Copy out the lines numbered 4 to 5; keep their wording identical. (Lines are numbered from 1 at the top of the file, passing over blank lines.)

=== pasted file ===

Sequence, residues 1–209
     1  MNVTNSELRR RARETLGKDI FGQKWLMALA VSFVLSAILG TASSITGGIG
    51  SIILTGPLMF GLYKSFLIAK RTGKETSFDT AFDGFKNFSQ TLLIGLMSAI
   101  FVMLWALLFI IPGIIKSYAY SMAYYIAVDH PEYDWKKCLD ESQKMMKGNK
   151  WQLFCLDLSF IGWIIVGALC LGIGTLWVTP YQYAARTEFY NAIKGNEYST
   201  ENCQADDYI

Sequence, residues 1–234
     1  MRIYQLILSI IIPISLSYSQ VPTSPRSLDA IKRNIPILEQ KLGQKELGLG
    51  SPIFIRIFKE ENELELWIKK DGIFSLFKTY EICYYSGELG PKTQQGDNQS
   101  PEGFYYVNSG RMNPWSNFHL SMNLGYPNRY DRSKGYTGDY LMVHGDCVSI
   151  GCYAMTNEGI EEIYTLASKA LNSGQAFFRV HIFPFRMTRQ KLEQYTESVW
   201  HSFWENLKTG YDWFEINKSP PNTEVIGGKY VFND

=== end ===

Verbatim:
   101  FVMLWALLFI IPGIIKSYAY SMAYYIAVDH PEYDWKKCLD ESQKMMKGNK
   151  WQLFCLDLSF IGWIIVGALC LGIGTLWVTP YQYAARTEFY NAIKGNEYST